BHP becomes Ecuador-focused SolGold’s largest shareholder

The mining giant said on Monday it had paid 17.1 million pounds ($22 million) to raise its interest in SolGold, a move that makes it the Ecuador-focused company’s top shareholder. Such position was held until today by Australia’s largest gold producer, Newcrest Mining (ASX: NCM).

The deal, which also gives BHP options to purchase another 19.25 million shares by 2024, stipulates that it won’t acquire further shares for two years without SolGold’s consent.


The rising mine developer has attracted a flurry of interest from big industry actors eager to increase their exposure to copper. The highly conductive metal is in demand for its use in renewable energy and electric vehicles, but big, new deposits are rare.

SolGold’s Cascabel copper-gold project is one of those exceptional finds as it has the potential to become one of the largest copper-gold assets ever discovered with an estimated productive mine-life of 55 years.

Recent recoveries at the project, located in in northern Ecuador, could add $8.7 billion of revenue over the life of Cascabel, the company said in October.

SolGold is also studying 13 other priority targets in the Andean nation, according to a presentation delivered this month.

From Hotspot to Producer

Ecuador, the new darling of copper prospectors, expects to attract $3.7 billion in mining investments over the next two years, up significantly from the $270 million it received in 2018.

The country is moving forward with plans to move from an explorers’ hotspot to mining exporter as its only large-scale copper mine readies to ship its first large cargo this month. The $1.4 billion Mirador open-pit mine, which opened in July, is owned by a joint venture of Tongling Nonferrous Metals Group and China Railway Construction (EcuaCorriente).

Canada’s Lundin Gold (TSX:LUG), which has been developing its Fruta del Norte gold-silver project for almost two years, has produced its first doré and gold concentrate, and is on track to beginning commercial activities in the second quarter of 2020.

Other than Cascabel, another three major copper projects are due to be in production by 2024: Lumina Gold’s (TSX-V:LUM) (OTC:LUMAF) Cangrejos and Codelco-Enami Ecuador’s Llurimagua mine.

Lundin kicks off production at Fruta del Norte mine in Ecuador

The opening ceremony, held on Nov. 14, was attended by Ecuador’s vice president, Otto Sonnenholzner, and energy minister, Carlos Perez, as well as provincial and local authorities and key stakeholders, the company said.

The first doré bar was produced on Nov. 16 from the gravity circuit at the mine, following the reception of the last two permits required to move it into production.

The Vancouver-based miner said production of gold concentrate, as part of the commissioning activities, was well advanced, with the first containers being loaded with marketable concentrate. Commissioning of the carbon in leach circuit, in turn, is ongoing and nearing completion, Lundin noted.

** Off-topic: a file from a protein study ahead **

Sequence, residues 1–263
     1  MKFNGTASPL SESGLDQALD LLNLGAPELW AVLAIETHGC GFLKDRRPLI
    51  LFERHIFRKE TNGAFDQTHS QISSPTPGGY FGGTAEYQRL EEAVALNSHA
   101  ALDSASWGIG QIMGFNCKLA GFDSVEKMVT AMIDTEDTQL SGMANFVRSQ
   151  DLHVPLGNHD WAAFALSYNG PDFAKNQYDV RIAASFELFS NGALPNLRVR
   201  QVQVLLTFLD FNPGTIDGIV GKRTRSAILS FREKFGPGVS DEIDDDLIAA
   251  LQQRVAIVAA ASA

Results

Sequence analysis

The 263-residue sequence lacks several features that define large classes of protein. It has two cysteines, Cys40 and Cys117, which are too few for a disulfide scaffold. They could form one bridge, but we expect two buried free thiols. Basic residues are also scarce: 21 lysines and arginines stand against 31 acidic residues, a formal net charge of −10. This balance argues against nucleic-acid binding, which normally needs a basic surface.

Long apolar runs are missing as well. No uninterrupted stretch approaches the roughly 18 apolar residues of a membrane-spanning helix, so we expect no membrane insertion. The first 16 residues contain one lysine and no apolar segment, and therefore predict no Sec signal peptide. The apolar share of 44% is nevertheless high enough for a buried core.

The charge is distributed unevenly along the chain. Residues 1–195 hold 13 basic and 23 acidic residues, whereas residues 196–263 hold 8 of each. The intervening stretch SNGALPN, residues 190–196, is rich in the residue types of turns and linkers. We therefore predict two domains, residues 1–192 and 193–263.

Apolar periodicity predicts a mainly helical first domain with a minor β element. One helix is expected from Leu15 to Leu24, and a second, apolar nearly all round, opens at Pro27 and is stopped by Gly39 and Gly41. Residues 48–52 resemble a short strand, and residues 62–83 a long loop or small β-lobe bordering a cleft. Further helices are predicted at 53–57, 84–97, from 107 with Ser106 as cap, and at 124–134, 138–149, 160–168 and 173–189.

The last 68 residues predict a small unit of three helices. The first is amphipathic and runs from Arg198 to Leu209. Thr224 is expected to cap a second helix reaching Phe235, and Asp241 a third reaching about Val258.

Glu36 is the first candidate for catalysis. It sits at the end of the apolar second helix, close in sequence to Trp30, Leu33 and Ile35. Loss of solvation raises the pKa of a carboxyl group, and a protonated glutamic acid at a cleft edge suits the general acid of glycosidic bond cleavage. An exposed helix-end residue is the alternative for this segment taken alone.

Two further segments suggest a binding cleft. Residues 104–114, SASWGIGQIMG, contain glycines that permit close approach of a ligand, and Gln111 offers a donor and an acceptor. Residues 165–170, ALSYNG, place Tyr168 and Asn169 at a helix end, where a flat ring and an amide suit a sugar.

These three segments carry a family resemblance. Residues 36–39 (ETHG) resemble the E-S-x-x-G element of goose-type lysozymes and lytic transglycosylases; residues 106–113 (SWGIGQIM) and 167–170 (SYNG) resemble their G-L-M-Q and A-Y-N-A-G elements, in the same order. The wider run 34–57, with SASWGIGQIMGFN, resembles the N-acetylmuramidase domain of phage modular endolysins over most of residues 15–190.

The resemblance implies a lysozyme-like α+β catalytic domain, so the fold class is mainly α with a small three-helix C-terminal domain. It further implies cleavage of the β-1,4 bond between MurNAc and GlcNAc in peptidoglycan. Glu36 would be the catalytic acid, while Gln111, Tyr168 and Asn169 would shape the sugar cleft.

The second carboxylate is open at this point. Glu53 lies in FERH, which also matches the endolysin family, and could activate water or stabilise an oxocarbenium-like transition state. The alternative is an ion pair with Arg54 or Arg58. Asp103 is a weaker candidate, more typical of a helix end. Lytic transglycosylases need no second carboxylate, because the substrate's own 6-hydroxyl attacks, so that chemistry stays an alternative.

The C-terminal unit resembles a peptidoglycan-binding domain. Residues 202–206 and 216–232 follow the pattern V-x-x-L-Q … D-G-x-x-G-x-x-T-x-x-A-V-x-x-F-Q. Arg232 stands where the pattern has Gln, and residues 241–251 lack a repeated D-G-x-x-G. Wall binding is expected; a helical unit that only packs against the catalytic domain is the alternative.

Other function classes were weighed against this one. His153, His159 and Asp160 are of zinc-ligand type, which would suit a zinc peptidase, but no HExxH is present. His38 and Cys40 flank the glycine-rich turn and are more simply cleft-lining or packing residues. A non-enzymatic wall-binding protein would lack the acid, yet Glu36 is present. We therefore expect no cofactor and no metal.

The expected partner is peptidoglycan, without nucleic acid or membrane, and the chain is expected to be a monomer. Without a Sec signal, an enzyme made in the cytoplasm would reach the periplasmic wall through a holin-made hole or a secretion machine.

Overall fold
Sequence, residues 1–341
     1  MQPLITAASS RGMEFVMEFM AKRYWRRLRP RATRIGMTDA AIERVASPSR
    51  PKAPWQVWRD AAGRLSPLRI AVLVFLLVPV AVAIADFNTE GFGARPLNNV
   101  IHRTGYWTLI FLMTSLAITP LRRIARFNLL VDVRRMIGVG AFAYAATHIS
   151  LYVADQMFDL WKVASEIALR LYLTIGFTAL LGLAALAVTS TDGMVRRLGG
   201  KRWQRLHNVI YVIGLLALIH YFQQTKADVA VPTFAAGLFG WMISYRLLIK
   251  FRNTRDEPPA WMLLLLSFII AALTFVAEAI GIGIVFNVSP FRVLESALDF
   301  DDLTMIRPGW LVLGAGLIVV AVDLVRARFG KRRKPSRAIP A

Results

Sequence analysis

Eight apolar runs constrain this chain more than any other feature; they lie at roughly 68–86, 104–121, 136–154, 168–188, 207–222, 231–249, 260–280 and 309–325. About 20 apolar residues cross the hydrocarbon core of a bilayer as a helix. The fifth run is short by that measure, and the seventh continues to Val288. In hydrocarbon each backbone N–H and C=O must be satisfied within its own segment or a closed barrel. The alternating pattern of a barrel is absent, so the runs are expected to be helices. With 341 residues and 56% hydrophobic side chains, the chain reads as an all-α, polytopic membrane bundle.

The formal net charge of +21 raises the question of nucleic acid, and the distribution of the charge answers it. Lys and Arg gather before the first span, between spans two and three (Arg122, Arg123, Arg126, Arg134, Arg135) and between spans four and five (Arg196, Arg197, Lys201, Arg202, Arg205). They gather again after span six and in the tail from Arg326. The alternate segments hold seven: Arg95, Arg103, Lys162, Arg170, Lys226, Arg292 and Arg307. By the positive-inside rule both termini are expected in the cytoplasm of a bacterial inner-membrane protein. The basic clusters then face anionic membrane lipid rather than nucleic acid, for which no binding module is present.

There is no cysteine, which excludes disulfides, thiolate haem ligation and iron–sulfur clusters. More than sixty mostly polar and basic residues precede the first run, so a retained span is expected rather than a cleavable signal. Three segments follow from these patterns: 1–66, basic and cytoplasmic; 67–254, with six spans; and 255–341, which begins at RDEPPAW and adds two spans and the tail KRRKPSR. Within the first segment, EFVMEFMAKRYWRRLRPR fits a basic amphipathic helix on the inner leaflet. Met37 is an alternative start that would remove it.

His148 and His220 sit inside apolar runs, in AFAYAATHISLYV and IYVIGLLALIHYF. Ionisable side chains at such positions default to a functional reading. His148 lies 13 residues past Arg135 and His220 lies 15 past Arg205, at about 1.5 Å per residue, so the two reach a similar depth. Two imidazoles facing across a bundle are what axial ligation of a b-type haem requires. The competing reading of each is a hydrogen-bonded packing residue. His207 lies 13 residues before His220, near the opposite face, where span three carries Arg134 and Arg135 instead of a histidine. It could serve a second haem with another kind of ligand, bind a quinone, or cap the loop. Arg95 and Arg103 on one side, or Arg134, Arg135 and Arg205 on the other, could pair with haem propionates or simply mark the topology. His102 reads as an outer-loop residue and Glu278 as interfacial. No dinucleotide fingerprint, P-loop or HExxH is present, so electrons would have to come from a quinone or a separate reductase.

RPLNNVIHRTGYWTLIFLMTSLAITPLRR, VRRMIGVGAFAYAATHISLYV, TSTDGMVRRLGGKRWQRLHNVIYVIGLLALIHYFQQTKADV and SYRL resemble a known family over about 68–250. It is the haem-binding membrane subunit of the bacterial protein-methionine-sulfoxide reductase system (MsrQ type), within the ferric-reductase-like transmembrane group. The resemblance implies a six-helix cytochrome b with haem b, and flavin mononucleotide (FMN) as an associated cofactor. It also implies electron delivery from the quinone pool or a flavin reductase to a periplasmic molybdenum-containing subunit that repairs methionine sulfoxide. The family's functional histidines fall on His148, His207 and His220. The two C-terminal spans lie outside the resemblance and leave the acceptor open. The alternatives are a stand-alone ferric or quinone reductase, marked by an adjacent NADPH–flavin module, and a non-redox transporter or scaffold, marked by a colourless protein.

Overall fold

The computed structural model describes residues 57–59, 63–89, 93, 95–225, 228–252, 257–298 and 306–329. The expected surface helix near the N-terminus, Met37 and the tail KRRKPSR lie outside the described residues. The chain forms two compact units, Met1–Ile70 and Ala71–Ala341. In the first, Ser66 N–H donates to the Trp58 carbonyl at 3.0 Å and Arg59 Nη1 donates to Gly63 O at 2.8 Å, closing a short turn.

Based on the current projections, the first export of concentrate and doré is projected to happen by mid-December. This means the company is on track to beginning commercial production at Fruta del Norte in the second quarter of 2020.

Lundin, worth almost C$1.7 billion, has been developing the asset for almost two years, following a 2016 agreement with Ecuador’s government. The deal allowed it to move ahead with the project, located in the southeastern Amazon province of Zamora Chinchipe.

The company acquired Fruta del Norte in 2014 for $240 million from fellow Canadian miner Kinross Gold (TSX:K) (NYSE:KGC), which had to halt operations after being unable to reach an agreement with authorities regarding the terms for developing the asset.

The underground gold and silver mine contains six of Lundin’s 29 mining concessions and covers 70,000 hectares of land. Discovered in 2006, Fruta del Norte is expected to produce almost 4.7 million ounces of gold over a 15 year mine life.

“The opening of Fruta del Norte is a turning point for the mining industry in Ecuador,” Keith Barron, who discovered the deposit and is now Aurania Resources’ chairman and chief executive said in a separate statement.

“For the first time in Ecuador’s history, gold mining will be carried out in a responsible, technically safe and sustainable way,” he added.

Courtesy of Lundin Gold.

Ecuador has gained ground as a mining investment destination over the past two years, with top miners entering into joint ventures or investing in juniors to gain exposure to projects in the country.

Anglo American (LON: AAL) also landed in the South American nation through a deal with Canada’s Luminex Resources (TSX-V: LR). The company plans to develop two copper and gold concessions there.

Currently, Ecuador’s emerging mining sector employs 5,000 people, but estimates the figure will rise to about 16,000 next year if the country’s finances don’t take a turn for the worse.

The outlook is dubious, however, as Ecuador dollar sovereign bonds were the worst performing in emerging markets on Monday. The tumble came after Congress rejected a reform bill presented by President Lenin Moreno as part of a $4.2 billion financing agreement with the International Monetary Fund (IMF).

“The inconvenient reality is that if Ecuador loses IMF support, then they lose market access,” Siobhan Morden, head of Latin America fixed income strategy at Amherst Pierpont Securities, wrote in a note.

Moreno’s measures to comply with the IMF program have been criticized by the wide range of topics included — from student debt to mining policy and central bank autonomy.